Where have all the good managers gone? The Peter Principle has long been a fact of corporate life - the statistical inevitability that in any organisation there will always be a group of people who are promoted beyond their competence. But now the happenstance Peter Principle has become the Peter Prerequisite: somewhere along the line, incompetence has become a mandatory requirement for appointment to positions of responsibility, and that applies all the way up to mahogany row. It is difficult to fathom how this can be. Despite the fashion for psychometric testing, performance evaluations and myriad human resources systems, ill-advised appointments and poor management abound. Or should that be because of?
Anyone who has worked alongside a gifted, inspiring or just plain smart manager will know the unalloyed pleasure of being in the company of someone who "gets it". Their presence is always felt - for all the right reasons. They create a buzz of achievement and expectation. They instil confidence in the people around them.
They possess a certain charisma, they're comfortable with who they are and they carry their authority with ease. They're capable of communicating with staff without the aid of a whiteboard or PowerPoint presentation, they're interested in the opinions of others, and they listen. Yes, they're ultimately responsible to higher forces in the corporate hierarchy and their role in life is not to be everyone's best friend - but they engender trust and confidence.
Do these managers really exist? They do, but they are an endangered species. Their place has been taken by the anti-manager: men and women who have no business being in charge of paper clips, let alone people. They range from dull, inept toads incapable of an original thought or spontaneous action, to poisonous psychopaths who wreak havoc in their workplaces. The anti-manager - the antithesis of everything a leader should be - has become a hallmark of the modern organisation.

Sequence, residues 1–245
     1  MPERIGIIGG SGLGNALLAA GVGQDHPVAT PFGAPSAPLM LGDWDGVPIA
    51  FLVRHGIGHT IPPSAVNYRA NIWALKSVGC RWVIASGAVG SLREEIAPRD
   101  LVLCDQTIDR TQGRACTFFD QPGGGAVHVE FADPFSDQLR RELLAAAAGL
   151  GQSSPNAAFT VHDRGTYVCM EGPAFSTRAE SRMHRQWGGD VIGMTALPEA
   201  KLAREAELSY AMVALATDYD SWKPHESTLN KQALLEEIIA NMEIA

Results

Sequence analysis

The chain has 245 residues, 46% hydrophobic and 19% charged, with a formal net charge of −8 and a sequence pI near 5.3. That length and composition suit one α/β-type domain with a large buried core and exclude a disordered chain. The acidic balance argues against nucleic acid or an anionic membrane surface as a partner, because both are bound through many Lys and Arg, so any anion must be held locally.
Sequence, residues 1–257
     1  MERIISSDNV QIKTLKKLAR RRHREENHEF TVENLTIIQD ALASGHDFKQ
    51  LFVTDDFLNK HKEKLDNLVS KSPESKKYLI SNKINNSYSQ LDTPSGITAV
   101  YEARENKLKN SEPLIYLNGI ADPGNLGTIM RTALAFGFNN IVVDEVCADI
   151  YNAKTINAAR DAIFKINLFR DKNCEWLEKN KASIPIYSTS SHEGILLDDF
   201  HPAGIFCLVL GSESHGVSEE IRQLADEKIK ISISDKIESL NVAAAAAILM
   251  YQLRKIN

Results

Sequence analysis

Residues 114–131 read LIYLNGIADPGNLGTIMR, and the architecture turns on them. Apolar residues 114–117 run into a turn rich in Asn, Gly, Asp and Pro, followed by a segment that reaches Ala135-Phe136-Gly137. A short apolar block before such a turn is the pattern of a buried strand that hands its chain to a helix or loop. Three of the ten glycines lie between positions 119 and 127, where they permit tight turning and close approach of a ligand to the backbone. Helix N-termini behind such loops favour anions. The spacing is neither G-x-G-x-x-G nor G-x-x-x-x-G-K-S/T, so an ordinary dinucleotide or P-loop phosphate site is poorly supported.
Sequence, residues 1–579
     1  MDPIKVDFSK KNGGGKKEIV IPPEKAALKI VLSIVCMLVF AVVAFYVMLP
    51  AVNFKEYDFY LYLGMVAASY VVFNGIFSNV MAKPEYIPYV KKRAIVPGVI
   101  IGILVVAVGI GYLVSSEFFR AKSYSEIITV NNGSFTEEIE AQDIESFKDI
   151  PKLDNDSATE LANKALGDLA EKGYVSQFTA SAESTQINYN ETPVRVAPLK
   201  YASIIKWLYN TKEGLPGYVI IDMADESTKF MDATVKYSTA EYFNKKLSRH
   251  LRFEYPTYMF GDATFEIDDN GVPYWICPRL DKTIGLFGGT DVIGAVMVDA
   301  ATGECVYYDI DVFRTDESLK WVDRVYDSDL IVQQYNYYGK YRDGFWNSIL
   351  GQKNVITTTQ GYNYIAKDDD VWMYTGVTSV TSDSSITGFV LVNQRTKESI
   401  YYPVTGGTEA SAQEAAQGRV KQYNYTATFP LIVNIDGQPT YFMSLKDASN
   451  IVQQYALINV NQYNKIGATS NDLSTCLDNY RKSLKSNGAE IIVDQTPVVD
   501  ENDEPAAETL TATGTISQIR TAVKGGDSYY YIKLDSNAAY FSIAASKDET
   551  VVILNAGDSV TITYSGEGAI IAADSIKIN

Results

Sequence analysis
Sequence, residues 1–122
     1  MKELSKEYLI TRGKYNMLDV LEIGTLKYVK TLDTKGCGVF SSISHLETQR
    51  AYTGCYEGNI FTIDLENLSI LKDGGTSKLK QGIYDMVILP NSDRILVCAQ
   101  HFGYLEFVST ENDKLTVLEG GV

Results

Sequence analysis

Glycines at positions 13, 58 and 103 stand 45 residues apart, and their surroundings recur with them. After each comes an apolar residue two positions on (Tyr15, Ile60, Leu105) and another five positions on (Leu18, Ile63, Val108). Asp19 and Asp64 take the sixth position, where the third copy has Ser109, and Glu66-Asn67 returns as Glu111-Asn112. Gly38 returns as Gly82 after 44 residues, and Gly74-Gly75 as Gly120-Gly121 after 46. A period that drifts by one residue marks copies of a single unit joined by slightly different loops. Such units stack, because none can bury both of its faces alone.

Too many organisations no longer place a priority on management excellence. They have lost the ability, and the will, to identify, nurture and reward rising talent. The presence of unqualified and egregious managers saps what enthusiasm remains in over-worked, under-resourced workplaces. A recent survey by exit-interview specialist Exit Info concluded that bad managers are responsible for one in five resignations in Australia.
As the slowdown continues to bite, we can expect organisations to resort to mass retrenchments. Rather than taking an axe to already decimated workplaces as the key to turning around organisational under-performance, perhaps organisations should pay greater attention to the performance of their managers.
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